If you watched or heard anything about the MTV Video Music Awards recently, you most likely heard about the ridiculous performance by the once popular Disney Channel star, Miley Cyrus. I’ll be the first to admit that I was a bit shocked as I watched it all unfold. However, I was even more shocked at the responses to the performance I saw as I scrolled through my Facebook and Twitter pages. People were calling her names like “slut, skank, nasty, trashy and an idiot” just to name a few. This honestly wouldn’t surprise me at all because I see things like that every day on social media. The part that actually saddened me was that these names were even coming from my Christian brothers and sisters. Oh how quickly we fall from grace…
The title of this post is enough for anyone to get my main point. Jesus loves Miley Cyrus just as much as he loved you and me when we were lost in our sin (Romans 5:8). He sent His Son Jesus to die for the sins of the world. That means Miley’s sin as well. So here’s my big question:
What makes you think you are any better than Miley Cyrus?
So many of us become legalistic, biblical Pharisees as soon as we see someone do something we disapprove of. We hold others to the standards we think we live by each day, rarely stepping back to realize how much God hates our self-righteousness just as much as that other person’s sinful actions. We absolutely love to point the finger at others as they ruin their lives because, for some strange reason, it makes us feel better about ourselves. It shows others that we have it all together. We compare ourselves to other sinful people rather than the perfect character of God, because then we actually have a chance to prove how great we are. This gets ugly fast.
In John 8:2-11 we see how Jesus responded to a similar situation. As Jesus was teaching in the temple, several religious leaders of the day, otherwise known as Pharisees, brought a woman whom they had caught in adultery to Him as to see how he would respond to her sin. Verses 6-11 read as follows:
This they said to test him, that they might have some charge to bring against him. Jesus bent down and wrote with his finger on the ground. And as they continued to ask him, he stood up and said to them, “Let him who is without sin among you be the first to throw a stone at her.” And once more he bent down and wrote on the ground. But when they heard it, they went away one by one, beginning with the older ones, and Jesus was left alone with the woman standing before him. Jesus stood up and said to her, “Woman, where are they? Has no one condemned you? She said, “no one, Lord.” And Jesus said, neither do I condemn you; go, and from now on sin no more.”
Do you get what just happened? Jesus had to point out the fact that these men were no better than the woman caught in adultery. Her sin was no worse than their own in the sense that it condemned each and every one of them. Jesus must have written something in the dirt that was so convicting to them that they were broken at the sight of it. It’s interesting as well that from the oldest to the youngest, they all walked away when confronted with the weight of their own sin. They were all for condemnation when it meant pointing out the fault of others, but not themselves. They believed that their righteous works made them better than a woman who would commit adultery. As one famous writer put it, “The devil’s greatest masterpiece is not the prostitute, but the Pharisee.”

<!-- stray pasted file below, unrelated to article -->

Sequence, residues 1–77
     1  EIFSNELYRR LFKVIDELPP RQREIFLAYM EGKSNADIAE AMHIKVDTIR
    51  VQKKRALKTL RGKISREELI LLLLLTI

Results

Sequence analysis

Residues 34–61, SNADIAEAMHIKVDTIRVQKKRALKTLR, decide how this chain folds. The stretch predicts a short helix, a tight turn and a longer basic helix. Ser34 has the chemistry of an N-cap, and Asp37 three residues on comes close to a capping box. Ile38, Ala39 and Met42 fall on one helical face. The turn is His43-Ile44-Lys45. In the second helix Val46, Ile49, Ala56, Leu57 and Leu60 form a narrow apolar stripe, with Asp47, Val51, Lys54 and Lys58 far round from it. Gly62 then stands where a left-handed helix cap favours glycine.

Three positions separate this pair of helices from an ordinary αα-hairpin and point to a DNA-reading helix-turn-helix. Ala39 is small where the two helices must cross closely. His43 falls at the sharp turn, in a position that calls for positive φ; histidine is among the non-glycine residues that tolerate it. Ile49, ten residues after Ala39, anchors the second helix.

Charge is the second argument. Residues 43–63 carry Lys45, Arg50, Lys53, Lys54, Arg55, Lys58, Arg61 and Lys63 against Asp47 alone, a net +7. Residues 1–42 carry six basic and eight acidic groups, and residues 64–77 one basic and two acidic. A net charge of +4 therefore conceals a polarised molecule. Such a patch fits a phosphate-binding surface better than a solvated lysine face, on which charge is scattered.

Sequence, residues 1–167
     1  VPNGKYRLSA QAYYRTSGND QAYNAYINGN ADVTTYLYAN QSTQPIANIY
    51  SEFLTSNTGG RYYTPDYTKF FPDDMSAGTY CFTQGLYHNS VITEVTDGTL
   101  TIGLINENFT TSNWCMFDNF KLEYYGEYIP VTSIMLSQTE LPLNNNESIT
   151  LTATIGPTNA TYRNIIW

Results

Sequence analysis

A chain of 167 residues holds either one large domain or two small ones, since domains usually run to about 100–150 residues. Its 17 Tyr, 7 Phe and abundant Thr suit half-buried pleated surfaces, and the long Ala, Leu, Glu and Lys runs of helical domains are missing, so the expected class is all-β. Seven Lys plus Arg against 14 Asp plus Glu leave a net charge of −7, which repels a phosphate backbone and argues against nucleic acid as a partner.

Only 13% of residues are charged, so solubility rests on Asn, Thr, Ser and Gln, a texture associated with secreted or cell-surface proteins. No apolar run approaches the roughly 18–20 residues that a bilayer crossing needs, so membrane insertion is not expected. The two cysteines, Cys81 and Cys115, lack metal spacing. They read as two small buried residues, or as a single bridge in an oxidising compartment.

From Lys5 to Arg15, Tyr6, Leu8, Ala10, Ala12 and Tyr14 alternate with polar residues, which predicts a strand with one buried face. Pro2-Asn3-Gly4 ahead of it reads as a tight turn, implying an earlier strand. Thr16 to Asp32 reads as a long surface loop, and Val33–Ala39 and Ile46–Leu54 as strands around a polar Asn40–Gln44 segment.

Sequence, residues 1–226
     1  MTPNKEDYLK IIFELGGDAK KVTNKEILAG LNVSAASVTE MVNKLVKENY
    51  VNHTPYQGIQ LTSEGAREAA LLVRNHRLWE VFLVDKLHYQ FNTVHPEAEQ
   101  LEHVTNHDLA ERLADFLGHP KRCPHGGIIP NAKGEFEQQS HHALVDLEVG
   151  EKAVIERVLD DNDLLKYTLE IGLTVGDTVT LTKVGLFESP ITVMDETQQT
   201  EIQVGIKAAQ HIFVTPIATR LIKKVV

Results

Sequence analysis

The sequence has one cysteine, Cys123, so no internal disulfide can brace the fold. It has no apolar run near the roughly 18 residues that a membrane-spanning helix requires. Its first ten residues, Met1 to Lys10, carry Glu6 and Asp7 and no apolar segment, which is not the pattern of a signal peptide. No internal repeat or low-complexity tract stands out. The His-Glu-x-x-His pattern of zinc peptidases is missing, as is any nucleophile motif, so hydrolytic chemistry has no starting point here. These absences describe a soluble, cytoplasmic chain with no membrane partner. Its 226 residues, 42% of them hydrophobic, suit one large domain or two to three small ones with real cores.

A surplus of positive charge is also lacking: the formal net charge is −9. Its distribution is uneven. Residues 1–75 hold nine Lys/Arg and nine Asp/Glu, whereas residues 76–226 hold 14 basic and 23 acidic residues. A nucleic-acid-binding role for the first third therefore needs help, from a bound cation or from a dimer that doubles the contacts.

Now I am not saying Miley Cyrus was committing adultery, but I see striking similarities between her situation of chastisement and the woman in the story. Just as the Pharisees, we can become so eager to point out the sin of others that we completely ignore the fact that God has shown us the same grace through our own sin and worse. Even when we do the right thing with the wrong motives, we are just revealing the deep unrighteousness that lives in our own hearts. His grace was undeserved, unmerited, and even undesired by many of us. If you expect other people to live up to biblical standards, who couldn’t care less about the Bible, you’re fooling yourself. By publicly ridiculing them, you are revealing to the world that you can’t even live up to those standards either. And for that matter, why would you expect to see anything else on MTV? Our culture is jacked up because we live in a broken world.(btw…things will get worse.) Don’t be surprised by this!
The gospel of Jesus Christ shows each of us how needy and helpless we are apart from God’s grace. It shows us that our best efforts to earn righteousness are in vain. Pointing the finger at others is often just our sneaky way of puffing ourselves up to be better than we are. Don’t make the mistake of thinking you’re better than anyone else. You may have been saved by God’s grace, but there is a whole world of people who have yet to experience the same. Condemnation has never, and will never save anyone. Our words and actions are far more influential than we could ever realize. Speaking negatively in situations like this gives off a horrible representation of Christ and his love for the world. Why would anyone ever want to be a part of that Christianity? As Christians, we should look for and seize opportunities to encourage those around us. It’s good to remember that it is the kindness of God that leads people to repentance (Romans 2:4), not our mocking and hurtful name calling. I’m not exempt from this. The last few days have been very convicting for me as well. But, Jesus can help us move past the judgment and condemnation. He’ll bring us to a place where we find hope in the words “Neither do I condemn you; go, and sin no more.”